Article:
The U.K. central bank kept monetary policy unchanged on Thursday, as analysts pondered when interest rates might finally be raised and the possible impact of a referendum on European Union (EU) membership.
The Bank of England (BoE) held its benchmark interest rate at a record low of 0.5 percent, where it has remained since March 2009. It also kept the size of its bond purchases under the quantitative easing (QE) program at £375 billion ($579 billion).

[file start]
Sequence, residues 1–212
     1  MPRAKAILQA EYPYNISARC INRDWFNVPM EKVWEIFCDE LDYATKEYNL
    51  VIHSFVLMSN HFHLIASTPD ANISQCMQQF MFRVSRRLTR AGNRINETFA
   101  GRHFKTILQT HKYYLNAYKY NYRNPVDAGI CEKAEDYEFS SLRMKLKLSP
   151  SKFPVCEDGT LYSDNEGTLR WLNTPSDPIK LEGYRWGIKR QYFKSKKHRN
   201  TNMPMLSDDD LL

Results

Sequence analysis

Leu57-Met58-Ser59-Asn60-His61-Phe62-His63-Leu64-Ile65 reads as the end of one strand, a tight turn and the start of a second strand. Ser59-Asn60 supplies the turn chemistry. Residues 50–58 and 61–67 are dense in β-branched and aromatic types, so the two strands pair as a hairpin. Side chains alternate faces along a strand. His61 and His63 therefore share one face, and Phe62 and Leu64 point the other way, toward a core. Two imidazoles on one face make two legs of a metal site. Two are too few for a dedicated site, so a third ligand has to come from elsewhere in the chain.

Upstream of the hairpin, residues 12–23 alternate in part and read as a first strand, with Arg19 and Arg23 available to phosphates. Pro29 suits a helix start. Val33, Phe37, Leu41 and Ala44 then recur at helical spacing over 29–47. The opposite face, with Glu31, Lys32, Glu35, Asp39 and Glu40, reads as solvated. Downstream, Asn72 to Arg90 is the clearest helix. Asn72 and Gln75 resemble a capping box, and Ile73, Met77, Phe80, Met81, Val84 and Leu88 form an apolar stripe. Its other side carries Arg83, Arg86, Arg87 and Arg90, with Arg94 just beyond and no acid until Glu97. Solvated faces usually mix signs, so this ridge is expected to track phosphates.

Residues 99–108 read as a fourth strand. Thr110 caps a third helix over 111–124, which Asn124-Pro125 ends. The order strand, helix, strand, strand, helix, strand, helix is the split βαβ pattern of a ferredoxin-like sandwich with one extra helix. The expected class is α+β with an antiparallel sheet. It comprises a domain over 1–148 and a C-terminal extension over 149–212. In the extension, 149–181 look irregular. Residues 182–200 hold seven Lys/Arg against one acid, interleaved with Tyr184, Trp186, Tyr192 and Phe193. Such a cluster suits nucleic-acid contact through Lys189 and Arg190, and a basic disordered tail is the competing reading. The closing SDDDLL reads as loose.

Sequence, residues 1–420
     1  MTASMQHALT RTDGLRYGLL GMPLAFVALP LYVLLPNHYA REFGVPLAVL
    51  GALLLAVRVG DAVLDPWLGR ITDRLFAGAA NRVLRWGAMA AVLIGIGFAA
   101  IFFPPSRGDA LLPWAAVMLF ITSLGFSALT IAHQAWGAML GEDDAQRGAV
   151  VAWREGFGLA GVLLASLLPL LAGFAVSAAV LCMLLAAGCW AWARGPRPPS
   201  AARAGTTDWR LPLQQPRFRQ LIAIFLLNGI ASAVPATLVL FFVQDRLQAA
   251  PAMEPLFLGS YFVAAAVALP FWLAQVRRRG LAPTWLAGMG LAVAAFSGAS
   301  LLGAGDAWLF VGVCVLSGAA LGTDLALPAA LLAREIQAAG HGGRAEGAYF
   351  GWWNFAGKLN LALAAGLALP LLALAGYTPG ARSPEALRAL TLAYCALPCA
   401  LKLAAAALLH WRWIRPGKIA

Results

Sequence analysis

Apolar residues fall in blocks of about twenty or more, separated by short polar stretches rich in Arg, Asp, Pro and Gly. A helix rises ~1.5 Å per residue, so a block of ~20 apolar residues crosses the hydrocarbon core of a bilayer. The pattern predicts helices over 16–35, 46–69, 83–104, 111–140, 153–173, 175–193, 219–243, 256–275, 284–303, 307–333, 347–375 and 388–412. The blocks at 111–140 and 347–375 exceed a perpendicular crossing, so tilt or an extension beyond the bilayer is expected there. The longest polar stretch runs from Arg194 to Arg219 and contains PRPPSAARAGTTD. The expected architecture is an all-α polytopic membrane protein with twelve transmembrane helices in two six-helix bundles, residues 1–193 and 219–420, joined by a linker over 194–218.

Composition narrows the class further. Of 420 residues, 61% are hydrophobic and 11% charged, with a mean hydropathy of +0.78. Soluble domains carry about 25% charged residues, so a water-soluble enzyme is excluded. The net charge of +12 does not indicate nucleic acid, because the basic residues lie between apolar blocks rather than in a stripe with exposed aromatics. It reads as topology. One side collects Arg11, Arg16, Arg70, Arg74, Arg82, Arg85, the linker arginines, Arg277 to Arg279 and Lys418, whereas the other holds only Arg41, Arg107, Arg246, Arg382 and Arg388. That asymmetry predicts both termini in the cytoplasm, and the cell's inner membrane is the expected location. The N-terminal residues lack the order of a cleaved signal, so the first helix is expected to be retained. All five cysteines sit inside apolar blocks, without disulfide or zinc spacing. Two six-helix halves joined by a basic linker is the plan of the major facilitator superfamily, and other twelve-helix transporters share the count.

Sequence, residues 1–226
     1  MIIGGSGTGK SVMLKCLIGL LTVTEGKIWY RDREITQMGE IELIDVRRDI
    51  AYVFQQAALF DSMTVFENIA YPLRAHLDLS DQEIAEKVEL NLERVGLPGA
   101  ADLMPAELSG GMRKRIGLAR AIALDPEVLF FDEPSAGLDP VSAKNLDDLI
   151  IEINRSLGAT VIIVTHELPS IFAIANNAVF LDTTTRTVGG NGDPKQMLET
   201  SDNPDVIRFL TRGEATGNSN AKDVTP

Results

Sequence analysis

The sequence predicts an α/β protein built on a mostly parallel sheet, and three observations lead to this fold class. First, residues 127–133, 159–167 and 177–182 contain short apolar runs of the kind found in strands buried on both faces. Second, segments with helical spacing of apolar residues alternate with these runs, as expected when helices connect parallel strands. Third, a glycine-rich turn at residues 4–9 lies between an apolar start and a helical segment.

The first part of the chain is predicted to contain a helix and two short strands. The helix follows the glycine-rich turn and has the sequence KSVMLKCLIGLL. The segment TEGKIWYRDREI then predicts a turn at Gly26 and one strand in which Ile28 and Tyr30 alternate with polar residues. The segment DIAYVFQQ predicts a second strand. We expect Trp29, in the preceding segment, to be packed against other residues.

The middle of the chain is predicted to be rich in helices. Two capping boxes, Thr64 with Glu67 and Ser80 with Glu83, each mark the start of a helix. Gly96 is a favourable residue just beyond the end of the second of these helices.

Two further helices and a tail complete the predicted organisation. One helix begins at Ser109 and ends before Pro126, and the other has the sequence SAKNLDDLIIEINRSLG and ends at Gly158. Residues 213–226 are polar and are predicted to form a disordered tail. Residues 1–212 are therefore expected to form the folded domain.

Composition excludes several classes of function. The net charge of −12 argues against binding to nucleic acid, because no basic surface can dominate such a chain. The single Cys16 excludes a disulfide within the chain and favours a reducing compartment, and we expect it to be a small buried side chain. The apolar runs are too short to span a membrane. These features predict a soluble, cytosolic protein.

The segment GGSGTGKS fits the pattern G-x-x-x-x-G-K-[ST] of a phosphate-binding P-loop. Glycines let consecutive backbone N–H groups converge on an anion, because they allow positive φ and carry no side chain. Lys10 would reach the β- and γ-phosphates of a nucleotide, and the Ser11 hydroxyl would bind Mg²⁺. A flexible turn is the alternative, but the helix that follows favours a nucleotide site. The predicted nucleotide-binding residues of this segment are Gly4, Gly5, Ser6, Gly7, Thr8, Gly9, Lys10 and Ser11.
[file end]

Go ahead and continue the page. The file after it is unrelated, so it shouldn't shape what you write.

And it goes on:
The policy announcement comes one month after the incumbent Conservative Party returned to power in the U.K.—an election result that surprised and reassured markets, which had not expected the center-right party to gain a working majority.
"It's 'back to business' for a BoE now able to look past May's election and the bulk of the oil price fall," said Neil Williams, chief economist at Hermes Investment Management, in a research note on Thursday.
"The economic recovery is broadening, yet the Monetary Policy Committee's adherence to a 2 percent CPI (consumer price index) inflation target makes a rate hike difficult before 2016."